Novak Djokovic plays a shot to Stan Wawrinka during their semifinal at the Australian Open in Melbourne. AP
Last week, high-ranking federal and state government political leaders said players who hadn't received two doses of a recognized COVID-19 vaccine were unlikely to get visas for the Jan. 17-30 tournament at Melbourne Park.
Early Monday, a leaked email from the WTA to its Players' Council, reported by the New York Times and Melbourne's The Age newspaper, suggested unvaccinated players would likely be granted a visa but must do two weeks in isolation in a quarantine hotel.
Fully vaccinated players would not have to undergo quarantine.
``We feel the need to reach out to you all to clear up false and misleading information that has recently been spread by other parties about the conditions that players will be forced to endure at next year's Australian Open,'' the email said. ``We have been communicating regularly with ... the Tennis Australia team in recent months and they shared some good news with us on our Players' Council call last Friday so that you know the facts.''
The email said Tennis Australia was still working with the government on the details but because Victoria state was expected to hit a vaccination target of 90% of the adult population by next month, ``it has been confirmed that conditions for the players at the Australian Open will improve significantly.''
It said players were expected to be allowed to start arriving in Australia from Dec. 1.
Tennis Australia later Monday said it was still working with various levels of government on the conditions for players at the Grand Slam event.
``Everyone has been buoyed by the easing of restrictions over the past week,`` the statement said. ``We are optimistic that we can hold the Australian Open as close to pre-pandemic conditions as possible.''
Victoria state Sports Minister Martin Pakula told Melbourne radio station 3AW the decision would be made ``in plenty of time for all of the players to know what the requirements are and for those who aren't vaccinated to get vaccinated.''
The main point still to be resolved between the tournament organizers and government is, Pakula said, ``the question whether unvaccinated foreign nationals will be allowed into Australia at all and, if so, under what circumstances.''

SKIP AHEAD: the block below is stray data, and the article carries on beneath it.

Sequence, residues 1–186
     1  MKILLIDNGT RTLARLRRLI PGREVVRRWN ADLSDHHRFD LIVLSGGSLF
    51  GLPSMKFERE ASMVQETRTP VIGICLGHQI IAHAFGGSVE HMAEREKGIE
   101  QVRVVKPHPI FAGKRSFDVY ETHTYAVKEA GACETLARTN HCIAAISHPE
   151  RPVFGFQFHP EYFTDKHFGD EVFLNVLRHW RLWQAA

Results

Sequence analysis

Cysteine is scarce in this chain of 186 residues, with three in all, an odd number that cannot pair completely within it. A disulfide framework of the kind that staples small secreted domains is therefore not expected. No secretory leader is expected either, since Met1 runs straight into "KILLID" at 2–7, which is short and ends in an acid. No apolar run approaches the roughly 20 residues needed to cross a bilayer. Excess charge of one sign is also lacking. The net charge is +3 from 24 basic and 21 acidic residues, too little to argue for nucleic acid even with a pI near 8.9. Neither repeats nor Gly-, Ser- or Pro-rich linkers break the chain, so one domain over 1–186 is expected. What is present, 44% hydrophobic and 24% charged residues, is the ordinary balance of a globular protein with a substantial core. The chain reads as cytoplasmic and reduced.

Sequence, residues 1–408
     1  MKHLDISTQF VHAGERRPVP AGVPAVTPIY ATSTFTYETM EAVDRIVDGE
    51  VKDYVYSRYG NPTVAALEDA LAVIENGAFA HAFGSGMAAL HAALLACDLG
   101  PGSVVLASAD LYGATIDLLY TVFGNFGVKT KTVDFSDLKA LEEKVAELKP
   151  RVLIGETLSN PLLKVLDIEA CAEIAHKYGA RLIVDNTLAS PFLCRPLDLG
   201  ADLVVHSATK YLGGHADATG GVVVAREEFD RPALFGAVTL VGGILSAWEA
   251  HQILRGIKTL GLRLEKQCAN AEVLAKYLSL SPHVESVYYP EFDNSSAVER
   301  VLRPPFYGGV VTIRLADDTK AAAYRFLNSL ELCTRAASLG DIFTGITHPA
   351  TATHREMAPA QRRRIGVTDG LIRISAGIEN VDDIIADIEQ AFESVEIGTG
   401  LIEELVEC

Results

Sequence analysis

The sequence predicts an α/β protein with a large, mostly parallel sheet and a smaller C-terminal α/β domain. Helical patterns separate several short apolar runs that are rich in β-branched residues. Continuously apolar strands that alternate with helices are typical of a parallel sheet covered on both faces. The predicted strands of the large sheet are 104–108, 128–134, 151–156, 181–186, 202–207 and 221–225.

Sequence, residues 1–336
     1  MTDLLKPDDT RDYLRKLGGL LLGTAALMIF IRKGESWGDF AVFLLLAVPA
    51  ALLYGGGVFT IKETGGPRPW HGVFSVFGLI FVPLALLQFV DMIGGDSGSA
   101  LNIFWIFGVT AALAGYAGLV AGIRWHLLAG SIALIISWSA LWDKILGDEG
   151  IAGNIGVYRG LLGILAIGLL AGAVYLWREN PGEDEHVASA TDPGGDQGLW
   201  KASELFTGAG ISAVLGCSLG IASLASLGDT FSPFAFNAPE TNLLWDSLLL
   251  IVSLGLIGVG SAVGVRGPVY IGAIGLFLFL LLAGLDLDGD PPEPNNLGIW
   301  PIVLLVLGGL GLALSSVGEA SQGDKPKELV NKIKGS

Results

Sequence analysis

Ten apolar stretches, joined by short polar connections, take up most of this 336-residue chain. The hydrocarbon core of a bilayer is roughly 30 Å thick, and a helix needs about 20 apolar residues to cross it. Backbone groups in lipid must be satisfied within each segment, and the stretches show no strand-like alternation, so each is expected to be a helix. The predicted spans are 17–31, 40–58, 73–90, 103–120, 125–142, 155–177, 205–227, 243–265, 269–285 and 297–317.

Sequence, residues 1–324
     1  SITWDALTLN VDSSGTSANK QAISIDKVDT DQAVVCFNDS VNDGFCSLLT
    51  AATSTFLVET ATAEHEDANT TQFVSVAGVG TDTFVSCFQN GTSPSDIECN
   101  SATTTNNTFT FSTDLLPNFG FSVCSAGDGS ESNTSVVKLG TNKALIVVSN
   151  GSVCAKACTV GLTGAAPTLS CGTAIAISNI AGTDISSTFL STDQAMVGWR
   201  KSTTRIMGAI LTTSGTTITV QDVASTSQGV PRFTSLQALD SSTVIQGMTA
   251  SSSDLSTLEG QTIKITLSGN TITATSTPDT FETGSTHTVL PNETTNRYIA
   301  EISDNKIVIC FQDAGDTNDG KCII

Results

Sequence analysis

Australia is preparing to re-open its international borders for the first time in more than 18 months, but it'll be a gradual, state-by-state process starting next month and will depend on vaccination rates across the country. Fully vaccinated people will have fewer restrictions in Australia than those who are not.
The vaccination debate has been ongoing in tennis since international competition started re-emerging following a global shutdown at the start of the pandemic last year.
Some players, including nine-time Australian Open champion Novak Djokovic, have advocated that the decision to get the vaccine should be a personal choice. Others, including Andy Murray, have said it should be mandated for the good of the majority.
At the U.S. Open, which ended Sept. 12, spectators had to show proof of at least one dose of a COVID-19 vaccine to attend matches, although players weren't required to get a shot.
Both the men's and the women's tours are recommending all players get vaccinated but so far have not enforced it.
Ahead of the Australian Open earlier this year, all players had to quarantine for two weeks and be regularly tested under Australia's strict regulations on COVID-19 measures.
Most were allowed a limited time outside to practice, but any who tested positive or were deemed to be close contacts of a positive case _ which in some cases meant simply being on the same charter flight _ weren't allowed to leave their hotel rooms.
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